The Price Of The Fear Of Fading

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Title: The Price of the Fear of Fading: Some Thoughts on Resistance to Taking the Role of Female Elder from a Psychoanalytic Perspective
Year: 2013
Authors: White, K.

he future of our work rests completely in the hands, minds and hearts of our next generation. In my mind, the role of elder is critical to the development, support and care of this aspect of future through the transmissions of wisdom and authority within formal protégé relationships. Transmission also occurs through an elder attitude and stance, which can empower “accidental protégés,” who are learning by observing how we take up a key role in their development. Like any intergenerational transmission, what we teach will have consequences in what they teach.
This paper suggests that the role of elder is a developmental stage competency that most of us, women and men alike, approach in a state of ambivalence. The stage is associated with an unwelcome return of identity crises, which we fear may overwhelm and diminish the delights that seniority and eldership can bring. One can find one’s self in the state of resistance to engaging the complexities and challenges involved in inhabiting the role of elder, and can become more preoccupied with staving off shifts in self-perception - with indifferent, muted or no awareness of the intergenerational impact of this developmental struggle.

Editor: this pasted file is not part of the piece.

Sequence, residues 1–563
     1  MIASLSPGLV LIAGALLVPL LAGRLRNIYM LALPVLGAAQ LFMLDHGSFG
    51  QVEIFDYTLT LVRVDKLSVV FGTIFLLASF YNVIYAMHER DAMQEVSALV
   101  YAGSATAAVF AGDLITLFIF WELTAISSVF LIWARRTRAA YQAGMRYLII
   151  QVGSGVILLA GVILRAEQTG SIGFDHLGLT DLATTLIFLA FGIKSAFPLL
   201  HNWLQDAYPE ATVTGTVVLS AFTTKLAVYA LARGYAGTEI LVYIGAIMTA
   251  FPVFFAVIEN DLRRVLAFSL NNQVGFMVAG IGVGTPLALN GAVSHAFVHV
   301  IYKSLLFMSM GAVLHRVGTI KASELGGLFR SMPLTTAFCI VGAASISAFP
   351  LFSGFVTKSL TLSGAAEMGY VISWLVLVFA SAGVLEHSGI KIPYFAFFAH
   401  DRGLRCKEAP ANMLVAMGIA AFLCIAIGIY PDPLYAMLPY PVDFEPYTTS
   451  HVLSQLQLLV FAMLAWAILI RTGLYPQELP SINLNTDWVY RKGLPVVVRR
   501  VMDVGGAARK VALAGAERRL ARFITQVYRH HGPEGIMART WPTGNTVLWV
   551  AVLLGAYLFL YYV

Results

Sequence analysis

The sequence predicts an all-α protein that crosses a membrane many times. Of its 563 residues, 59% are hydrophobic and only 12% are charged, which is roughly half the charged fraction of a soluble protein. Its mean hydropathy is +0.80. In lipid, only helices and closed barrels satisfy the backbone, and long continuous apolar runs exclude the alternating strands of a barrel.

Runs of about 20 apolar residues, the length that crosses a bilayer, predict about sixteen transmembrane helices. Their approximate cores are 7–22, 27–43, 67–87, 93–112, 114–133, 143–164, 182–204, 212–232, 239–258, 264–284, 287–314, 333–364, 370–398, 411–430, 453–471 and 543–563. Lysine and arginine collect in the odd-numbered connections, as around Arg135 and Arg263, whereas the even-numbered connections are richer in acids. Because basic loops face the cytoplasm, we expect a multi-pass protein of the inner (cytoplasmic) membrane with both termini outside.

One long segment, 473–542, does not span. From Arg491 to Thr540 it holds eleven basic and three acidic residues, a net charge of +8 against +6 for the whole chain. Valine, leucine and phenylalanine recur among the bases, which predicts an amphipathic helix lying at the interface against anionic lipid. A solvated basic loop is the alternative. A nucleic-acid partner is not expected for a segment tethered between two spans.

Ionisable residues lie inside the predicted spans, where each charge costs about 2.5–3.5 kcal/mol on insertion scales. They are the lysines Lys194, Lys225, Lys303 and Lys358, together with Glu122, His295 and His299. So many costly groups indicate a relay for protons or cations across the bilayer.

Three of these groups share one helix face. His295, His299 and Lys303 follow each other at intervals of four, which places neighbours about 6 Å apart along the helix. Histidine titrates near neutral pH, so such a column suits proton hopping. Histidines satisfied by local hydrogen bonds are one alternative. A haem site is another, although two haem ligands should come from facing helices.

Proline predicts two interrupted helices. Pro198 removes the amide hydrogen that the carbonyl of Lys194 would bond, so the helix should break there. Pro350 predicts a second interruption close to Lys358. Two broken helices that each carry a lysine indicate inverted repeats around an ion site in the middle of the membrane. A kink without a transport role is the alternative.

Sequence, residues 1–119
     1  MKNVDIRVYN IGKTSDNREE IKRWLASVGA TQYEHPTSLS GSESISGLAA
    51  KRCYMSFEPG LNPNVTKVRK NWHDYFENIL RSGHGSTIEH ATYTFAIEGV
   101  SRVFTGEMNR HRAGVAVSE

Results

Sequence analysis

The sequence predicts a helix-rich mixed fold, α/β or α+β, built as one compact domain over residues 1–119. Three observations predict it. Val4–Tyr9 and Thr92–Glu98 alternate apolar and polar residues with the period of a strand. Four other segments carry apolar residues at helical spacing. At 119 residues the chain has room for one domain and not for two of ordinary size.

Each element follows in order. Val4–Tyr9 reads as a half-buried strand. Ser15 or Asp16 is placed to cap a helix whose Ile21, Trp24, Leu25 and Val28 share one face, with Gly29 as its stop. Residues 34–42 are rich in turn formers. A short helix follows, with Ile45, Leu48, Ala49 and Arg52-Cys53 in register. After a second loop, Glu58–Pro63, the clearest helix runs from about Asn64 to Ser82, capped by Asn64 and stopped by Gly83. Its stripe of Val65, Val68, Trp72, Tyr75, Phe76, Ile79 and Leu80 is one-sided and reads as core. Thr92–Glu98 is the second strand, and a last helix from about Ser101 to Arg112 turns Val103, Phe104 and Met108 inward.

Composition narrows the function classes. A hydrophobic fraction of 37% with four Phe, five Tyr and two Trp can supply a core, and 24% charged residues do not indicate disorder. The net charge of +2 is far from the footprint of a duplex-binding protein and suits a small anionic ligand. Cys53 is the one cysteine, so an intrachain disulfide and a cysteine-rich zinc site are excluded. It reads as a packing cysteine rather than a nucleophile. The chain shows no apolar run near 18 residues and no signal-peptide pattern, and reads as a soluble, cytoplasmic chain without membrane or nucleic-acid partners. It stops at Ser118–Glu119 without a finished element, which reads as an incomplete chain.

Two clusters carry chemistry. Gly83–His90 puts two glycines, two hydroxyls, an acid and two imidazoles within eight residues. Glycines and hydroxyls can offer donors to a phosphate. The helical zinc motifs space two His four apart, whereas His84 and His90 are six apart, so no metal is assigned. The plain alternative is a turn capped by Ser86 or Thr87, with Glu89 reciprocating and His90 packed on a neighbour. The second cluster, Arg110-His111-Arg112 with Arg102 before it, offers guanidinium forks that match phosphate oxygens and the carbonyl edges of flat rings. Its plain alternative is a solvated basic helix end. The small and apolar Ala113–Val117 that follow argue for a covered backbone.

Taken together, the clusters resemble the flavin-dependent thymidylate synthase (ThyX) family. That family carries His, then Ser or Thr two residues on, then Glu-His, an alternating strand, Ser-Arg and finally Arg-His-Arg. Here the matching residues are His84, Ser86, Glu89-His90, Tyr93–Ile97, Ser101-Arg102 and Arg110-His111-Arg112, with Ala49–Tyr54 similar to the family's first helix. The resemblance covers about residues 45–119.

My experience of working with female patients, female clients, as well as my experience of close friends and myself, tells me that some of us women may exhibit and experience this role resistance in a particular way. A woman patient of mine coined a phrase for this state some years ago. It had tremendous resonance with me, and it clarified some fuzzy thinking that I was having about patients and clients who were and are my age mates. She described the state as:
Being in the throes of a “Fear of Fading”
Unlike other fears associated with senior development, “Fear of Fading” can be thought of as a “fear of living,” a dread of having to continue on with an altered sense of self, as regarded by oneself and from altered cues coming from the rest of one’s external world. The fear manifestations, themselves, can have tremendous impact on actual protégés and can be a significant deterrent to one’s being alive to opportunities to transmit wisdom or to transmit authority to “accidental” protégés.
This paper attempts to
• To tease out the issues, and to demonstrate the effects of a ‘fear of fading’ through a
vignette from consulting practice and from my personal experience;
• To develop some hypotheses to normalize understanding of the transitions through this
stage-related resistance to growth
• and to develop some thoughts on working through the resistance to being a woman
elder that we may use for ourselves and throughout our work with women; and where it might apply, to our work with men.

Language: English

Date: 07/12/2013
Location: Oxford, UK
Name of Event/Conference: 2013 Annual Meeting
Sponsoring Organization: ISPSO

Submitted by:
Kathleen Pogue White, PhD

Corresponding author:

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